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WESSA is deeply concerned about the application by the company Ibutho Coal to develop an anthracite coal mine right on the boundary of the world-renown Hluhluwe-iMfolozi Park. This proposed Fuleni Mine has the potential to cause severe and irreversible impacts on this flagship nature reserve and the communities of the Fuleni- Umhlana area.
WESSA opposes Ibutho Coal’s application to open-pit mine within 30-70m of the Park fenceline. Undoubtedly the noise, blasting, vibrations and other impacts of the will have a severe adverse impact. The managers of HIP, Ezemvelo KZN Wildlife, have reported that two existing mines situated much further away from the Park fenceline than that of the proposed Fuleni Mine, already adversely impact on the HIP’s fauna and tourism.
We cannot ignore how acid mine leachate has polluted wide areas from so many of South Africa’s mines; threatening our scarce water resources and community health. The proximity of this proposed mine poses a serious acid mine leachate risk to the Park.
Of critical concern to WESSA is the strong likelihood that the mine will lead to an increase in poaching in the Park. Ezemvelo reports that the rhino population of the HIP is already under serious threat by poachers. WESSA has been intimately involved in trying to protect rhino and elephants from poaching since the early 1980s, and holds that this increased risk should not even be tolerated.
WESSA fully supports the motions of objection filed by Ezemvelo and the Save our iMfolozi Wilderness Alliance against this application, and we have submitted an objection to the Minister of Mineral Resources, Minister Ngoako Ramatlhodi. WESSA has called on him to implement his Ministry’s pledge last year that “some places are sacrosanct – they have such high conservation value that we together commit not to disturb!”. We have also called on the National Ministers of Environment Affairs and Tourism to persuade the Department of Mineral Resources to recognise the Hluhluwe-iMfolozi Park as being one of these sacrosanct places; and that Ibutho Coal be required to forego mining with the buffer area of this Park.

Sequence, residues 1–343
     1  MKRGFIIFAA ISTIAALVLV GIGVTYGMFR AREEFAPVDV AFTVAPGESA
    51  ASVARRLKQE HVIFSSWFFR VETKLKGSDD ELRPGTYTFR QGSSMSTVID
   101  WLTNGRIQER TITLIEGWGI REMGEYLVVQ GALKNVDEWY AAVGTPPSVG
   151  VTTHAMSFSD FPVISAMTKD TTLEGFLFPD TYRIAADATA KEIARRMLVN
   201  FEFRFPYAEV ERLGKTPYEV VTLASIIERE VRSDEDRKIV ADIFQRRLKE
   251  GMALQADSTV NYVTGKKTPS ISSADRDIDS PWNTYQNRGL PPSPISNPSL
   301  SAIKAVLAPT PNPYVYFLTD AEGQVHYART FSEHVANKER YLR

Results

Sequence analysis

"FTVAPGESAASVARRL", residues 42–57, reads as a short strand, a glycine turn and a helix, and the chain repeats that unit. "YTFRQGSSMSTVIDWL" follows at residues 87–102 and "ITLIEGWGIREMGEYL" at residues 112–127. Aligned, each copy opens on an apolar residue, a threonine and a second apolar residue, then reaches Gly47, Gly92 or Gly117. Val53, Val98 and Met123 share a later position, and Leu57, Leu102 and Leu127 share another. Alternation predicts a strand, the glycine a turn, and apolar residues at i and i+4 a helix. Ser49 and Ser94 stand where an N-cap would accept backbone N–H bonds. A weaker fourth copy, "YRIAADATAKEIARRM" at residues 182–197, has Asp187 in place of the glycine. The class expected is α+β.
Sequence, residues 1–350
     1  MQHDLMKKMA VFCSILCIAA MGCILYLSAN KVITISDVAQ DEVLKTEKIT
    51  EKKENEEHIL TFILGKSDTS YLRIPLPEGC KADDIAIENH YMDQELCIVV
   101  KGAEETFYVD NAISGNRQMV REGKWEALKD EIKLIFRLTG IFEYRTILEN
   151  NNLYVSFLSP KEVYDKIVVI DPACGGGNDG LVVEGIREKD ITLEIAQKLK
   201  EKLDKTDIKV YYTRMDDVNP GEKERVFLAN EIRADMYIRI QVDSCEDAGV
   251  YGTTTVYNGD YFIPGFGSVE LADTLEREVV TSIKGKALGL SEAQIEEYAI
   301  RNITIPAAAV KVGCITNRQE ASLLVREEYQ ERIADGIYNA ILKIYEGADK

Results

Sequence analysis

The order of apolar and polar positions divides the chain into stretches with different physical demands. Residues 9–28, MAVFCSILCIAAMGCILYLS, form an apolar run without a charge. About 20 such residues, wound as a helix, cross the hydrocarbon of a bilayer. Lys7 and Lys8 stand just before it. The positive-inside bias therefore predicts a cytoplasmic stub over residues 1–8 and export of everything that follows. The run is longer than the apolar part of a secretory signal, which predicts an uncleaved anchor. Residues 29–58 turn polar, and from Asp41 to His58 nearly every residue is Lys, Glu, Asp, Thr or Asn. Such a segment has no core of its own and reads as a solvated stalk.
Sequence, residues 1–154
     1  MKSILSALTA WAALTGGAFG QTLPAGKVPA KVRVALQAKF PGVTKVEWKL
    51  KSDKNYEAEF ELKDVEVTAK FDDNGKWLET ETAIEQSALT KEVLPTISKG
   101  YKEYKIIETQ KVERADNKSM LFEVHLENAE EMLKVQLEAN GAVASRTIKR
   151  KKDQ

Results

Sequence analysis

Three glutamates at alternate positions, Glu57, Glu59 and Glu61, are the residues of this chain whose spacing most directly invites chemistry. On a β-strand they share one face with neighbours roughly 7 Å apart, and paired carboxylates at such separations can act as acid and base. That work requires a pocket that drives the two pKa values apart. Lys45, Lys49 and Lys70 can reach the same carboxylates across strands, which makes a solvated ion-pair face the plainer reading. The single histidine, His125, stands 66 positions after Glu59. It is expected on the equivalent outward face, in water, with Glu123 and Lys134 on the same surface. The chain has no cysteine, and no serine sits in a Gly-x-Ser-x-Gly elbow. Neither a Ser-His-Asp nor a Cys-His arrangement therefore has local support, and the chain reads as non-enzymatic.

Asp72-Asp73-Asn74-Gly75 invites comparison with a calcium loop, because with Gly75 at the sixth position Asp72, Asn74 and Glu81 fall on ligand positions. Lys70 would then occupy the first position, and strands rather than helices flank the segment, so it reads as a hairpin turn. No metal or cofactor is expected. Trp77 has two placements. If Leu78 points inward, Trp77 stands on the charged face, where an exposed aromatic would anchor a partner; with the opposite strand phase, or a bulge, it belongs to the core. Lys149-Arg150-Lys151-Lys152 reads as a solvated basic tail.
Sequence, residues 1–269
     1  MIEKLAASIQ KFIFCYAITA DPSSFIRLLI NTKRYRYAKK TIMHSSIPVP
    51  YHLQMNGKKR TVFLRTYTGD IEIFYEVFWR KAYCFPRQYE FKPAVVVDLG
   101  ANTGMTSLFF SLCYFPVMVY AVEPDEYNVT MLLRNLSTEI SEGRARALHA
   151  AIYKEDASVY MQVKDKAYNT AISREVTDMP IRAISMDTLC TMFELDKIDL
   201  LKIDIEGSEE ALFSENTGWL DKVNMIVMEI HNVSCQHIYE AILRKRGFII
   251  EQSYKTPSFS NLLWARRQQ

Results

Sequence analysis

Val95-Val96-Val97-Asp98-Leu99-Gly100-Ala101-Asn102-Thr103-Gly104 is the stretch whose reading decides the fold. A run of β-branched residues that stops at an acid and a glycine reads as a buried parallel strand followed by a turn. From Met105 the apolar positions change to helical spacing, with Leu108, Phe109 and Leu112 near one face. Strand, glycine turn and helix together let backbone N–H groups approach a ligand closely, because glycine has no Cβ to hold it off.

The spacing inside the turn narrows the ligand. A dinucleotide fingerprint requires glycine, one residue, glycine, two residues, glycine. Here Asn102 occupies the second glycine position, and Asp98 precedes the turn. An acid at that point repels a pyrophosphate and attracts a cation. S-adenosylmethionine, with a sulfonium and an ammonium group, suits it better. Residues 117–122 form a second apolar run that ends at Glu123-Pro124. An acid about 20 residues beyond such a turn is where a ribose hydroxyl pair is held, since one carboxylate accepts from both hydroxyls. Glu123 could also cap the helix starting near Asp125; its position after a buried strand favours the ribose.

Yours in sustainable development,
WESSA Environmental Governance Programme Manager
Tel: 041 5859606
by Shaun Harris, August 25 2014
THE coal, sand and mineral mines of KwaZulu-Natal — including illegal operations — have long worried environmental groups, who cite destruction of ecologically sensitive areas like St Lucia and the iMfolozi reserve on the North Coast.
Provincial and national government have the power to act. But, say environmental activists, they hardly lift a finger.
There are suspicions that local politicians give in to the promise of lucrative shareholdings.
The source of current concern is a planned coal mine on the southern border of the iMfolozi game reserve and an existing, partly illegal coal mine on the western border of the reserve.
Among fears being raised are that being close to the iMfolozi River, the major river feeding the Lake St Lucia estuary and iSimangaliso World Heritage site, any pollution from the mines, like acid drainage, would pollute the wildlife sanctuary.
"Without proper management, these acids find their way into the surrounding waterways," said Andrew Zaloumis, CEO of the iSimangaliso Wetland Park.
"As long as rain falls on the mine and tailings (mine dumps) production of sulphuric acid continues, whether the mine is operating or not." Mr Zaloumis was speaking about a proposed coal mine, called Fuleni, that Ibutho Coal wants to set up.
The Fuleni mine has also galvanised veteran conservationist Ian Player into action.
Dr Player founded the iMfolozi wilderness area in 1958 and fears a large part could be destroyed by mining. He has led about 7,000 conservation-minded people to sign a petition "Save Our iMfolozi wilderness". So far the petition has been signed by more than 45,000 objectors to the mine.
Megan Hunter, spokeswoman for Ibutho Coal, which emphasises on its website that it is a private company, has refused to comment on the mine or concerns about it. The website does not give a phone number but an e-mail form, which it says it will answer only if "written in english" (sic). By late on Friday Business Day had not received a response to questions.
The other mine bordering iMfolozi, Zululand Anthracite Colliery (ZAC), has been operating three illegal mine shafts since 2006 (a second opened in 2008 and a third in 2010) and an illegal stockpile of coal. When discovered this year ZAC, owned by Rio Tinto subsidiary Riversdale Mining, was fined R497,000 by the provincial department of agriculture and environmental affairs.
The "slap on the wrist" has been condemned by Democratic Alliance spokesman on conservation and environment affairs Ann McDonnell, and the Centre for Environmental Rights. The centre said the small fine was "easier, cheaper and quicker than compliance". The centre estimates the illegal shafts produced profits exceeding R105m, and should therefore have to pay a R1m fine for each of the 12 transgressions.
"The fine should have been at least R50m," said the environmental activist and project co-ordinator for Timberwatch Wally Menne. "All the money ZAC made was made out of crime. It should be forfeited to the state, which would happen if the business was selling drugs or prostitution."
He laid the blame on the authorities. "These mines are seen as cash spinners, so government turns a blind eye to what they do. It’s because of the money and the attraction of becoming a free shareholder in the mines through BEE."
But the issue is more complex. Some communities, such as Mtunzini, are split between those opposing the mines due to damage to the environment and tourism, and others saying the mines provide jobs.